“That may seem like a subtle shift in mindset, but I believe it to be a crucial one, and it’s how I (as the author of THE LATEST) approach every single issue when I put it together. Am I creating something that truly helps someone achieve better results, grow in their careers and/or make smarter decisions faster?

“The thing is no two email newsletters are alike, nor should they be. So, I would say you can look to THE LATEST as a source of inspiration, but I would encourage other digital marketers to not do so literally.

“Instead, ask yourself the same question we did at the start: 'How can we create a ridiculously valuable newsletter that empowers our audience to achieve their goals?’ There’s a good chance your audience is different (at least in some way) from ours, but the spirit of the question is universal in its power to guide you toward the right direction of what you should be doing.”

You should certainly track your newsletter click-through rates and other data such as ROI and whether the newsletter is being shared, but you might find some of the responses to your outreach more telling as to your newsletter’s effectiveness, as Liz has experienced:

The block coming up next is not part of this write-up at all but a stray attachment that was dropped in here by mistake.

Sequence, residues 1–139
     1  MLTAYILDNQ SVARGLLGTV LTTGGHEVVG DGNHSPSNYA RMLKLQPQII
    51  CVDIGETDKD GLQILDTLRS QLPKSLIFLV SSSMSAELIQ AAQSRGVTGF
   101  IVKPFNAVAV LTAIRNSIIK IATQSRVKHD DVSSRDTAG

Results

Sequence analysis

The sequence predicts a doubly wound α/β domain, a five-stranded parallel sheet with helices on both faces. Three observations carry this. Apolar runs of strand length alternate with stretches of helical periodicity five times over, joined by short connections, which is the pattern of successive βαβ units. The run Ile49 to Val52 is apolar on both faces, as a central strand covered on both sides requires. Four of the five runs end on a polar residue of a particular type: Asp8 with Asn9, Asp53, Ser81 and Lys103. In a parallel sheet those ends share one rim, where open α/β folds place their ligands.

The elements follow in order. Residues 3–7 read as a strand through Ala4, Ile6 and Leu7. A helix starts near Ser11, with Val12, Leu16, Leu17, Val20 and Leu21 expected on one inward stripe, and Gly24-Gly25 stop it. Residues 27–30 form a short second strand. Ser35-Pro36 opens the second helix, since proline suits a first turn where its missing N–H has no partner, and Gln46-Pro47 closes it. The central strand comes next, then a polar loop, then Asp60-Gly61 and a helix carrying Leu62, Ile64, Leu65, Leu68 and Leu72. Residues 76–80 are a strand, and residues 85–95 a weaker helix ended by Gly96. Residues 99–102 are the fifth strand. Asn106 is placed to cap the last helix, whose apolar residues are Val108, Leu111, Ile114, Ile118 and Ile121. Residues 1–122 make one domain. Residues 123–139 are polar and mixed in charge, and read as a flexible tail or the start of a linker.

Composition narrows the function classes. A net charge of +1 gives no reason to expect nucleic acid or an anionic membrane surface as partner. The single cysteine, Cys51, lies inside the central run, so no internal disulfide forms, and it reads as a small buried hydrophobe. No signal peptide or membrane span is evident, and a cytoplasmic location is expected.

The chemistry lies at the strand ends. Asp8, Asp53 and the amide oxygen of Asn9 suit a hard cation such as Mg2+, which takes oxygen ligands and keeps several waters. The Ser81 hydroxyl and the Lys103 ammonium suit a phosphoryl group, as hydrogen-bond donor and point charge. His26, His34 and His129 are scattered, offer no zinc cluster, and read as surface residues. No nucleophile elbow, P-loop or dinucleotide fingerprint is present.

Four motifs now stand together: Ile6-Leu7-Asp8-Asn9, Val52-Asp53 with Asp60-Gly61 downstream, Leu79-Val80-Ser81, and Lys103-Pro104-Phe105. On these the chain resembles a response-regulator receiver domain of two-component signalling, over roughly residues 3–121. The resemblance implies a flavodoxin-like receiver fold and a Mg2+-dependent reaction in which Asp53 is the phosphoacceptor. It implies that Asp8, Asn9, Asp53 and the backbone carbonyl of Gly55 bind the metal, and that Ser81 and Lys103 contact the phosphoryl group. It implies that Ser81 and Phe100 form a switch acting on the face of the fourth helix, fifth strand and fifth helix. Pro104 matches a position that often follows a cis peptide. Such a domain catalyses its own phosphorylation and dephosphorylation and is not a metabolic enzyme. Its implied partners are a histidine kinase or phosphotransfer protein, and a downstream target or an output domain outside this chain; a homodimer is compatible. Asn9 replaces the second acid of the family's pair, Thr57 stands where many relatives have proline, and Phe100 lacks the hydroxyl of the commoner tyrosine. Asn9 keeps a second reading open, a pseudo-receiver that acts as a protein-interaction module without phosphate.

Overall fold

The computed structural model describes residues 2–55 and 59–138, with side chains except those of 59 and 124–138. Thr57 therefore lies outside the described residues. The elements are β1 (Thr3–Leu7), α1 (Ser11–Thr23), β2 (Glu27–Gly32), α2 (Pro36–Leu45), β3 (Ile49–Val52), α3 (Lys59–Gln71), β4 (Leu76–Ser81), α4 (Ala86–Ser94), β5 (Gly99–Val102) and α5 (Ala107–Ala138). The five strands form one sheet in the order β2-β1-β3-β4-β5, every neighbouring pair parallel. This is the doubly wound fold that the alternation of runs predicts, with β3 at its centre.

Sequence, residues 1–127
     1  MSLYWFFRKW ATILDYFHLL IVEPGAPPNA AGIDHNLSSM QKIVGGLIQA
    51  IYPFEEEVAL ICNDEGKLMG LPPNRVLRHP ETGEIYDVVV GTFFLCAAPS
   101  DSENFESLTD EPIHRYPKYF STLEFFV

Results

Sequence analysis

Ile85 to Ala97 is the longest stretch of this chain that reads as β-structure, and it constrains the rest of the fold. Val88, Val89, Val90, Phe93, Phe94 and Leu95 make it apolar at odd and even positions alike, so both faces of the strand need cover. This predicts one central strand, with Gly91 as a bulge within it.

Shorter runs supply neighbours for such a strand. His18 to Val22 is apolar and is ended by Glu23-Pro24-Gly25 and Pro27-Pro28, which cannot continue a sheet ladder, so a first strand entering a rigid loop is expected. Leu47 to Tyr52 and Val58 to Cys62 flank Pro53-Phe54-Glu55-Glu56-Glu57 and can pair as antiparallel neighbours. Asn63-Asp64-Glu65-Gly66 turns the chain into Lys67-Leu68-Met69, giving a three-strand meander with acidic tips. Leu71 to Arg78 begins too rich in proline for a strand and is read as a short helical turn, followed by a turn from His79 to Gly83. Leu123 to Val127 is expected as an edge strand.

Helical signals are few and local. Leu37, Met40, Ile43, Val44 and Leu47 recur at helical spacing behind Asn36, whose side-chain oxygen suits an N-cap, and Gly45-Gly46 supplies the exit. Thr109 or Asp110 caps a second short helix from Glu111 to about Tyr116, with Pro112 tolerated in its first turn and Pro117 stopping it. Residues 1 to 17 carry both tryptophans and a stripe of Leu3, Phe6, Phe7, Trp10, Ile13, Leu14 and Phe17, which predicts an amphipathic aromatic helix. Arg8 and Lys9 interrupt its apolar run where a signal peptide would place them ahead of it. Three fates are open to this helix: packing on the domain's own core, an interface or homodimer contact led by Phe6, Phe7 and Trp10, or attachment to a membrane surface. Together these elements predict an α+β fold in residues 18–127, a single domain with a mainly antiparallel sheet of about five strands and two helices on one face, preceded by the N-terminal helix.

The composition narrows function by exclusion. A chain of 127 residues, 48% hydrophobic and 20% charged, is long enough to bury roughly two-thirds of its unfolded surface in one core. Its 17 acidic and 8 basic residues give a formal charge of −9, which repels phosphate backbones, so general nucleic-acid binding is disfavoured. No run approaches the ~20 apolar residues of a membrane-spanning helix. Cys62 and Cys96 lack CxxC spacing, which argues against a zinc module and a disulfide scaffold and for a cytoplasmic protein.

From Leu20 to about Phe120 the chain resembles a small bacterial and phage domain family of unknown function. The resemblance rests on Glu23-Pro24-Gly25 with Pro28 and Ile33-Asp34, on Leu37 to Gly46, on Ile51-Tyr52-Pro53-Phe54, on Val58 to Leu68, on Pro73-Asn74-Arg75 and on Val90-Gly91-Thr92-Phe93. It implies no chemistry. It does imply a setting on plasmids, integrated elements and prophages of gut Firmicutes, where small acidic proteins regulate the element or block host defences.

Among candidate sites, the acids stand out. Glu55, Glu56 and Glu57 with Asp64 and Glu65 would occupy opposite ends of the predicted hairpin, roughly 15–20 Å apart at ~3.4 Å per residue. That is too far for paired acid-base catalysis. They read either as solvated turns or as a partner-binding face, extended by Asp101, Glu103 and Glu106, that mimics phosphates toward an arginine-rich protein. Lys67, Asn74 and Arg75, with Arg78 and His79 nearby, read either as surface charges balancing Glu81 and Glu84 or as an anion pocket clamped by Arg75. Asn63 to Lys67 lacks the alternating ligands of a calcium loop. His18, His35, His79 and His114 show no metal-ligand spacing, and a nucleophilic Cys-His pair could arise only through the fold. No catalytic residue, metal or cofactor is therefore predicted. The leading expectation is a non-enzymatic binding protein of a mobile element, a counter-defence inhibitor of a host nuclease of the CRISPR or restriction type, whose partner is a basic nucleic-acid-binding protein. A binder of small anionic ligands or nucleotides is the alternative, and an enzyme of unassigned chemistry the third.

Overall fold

“Some people reply just to say thank you, and others will actually also share their own personal stories (failures, triumphs, lessons learned), and it’s just amazing to me ... that a newsletter can create and foster these types of connections and a feeling of community.

“But I will say (and this is completely selfish, ha-ha), one of my favorite moments was at HubSpot’s annual INBOUND event a few years ago. I was hanging out at our booth for IMPACT, and this sweet, friendly woman came up to me as if we were old friends ... and she asked me how Pumpkin was doing. (I’m a cat lady, so I talk about her a lot in THE LATEST.) She said she knew it was strange, but she just felt like she had gotten to know me as a reader of THE LATEST, and I didn’t even know such a connection was possible simply through the power of words.”

🔎 Related: How to create a powerful monthly content ROI newsletter


Ebooks are lengthy, which means when written well they generally rank well in search; they’re meaty, which means they provide lots of information and value to your customers; and when gated (meaning your user must provide information, such as an email address or company name, to access them), they have the power to build your contact database.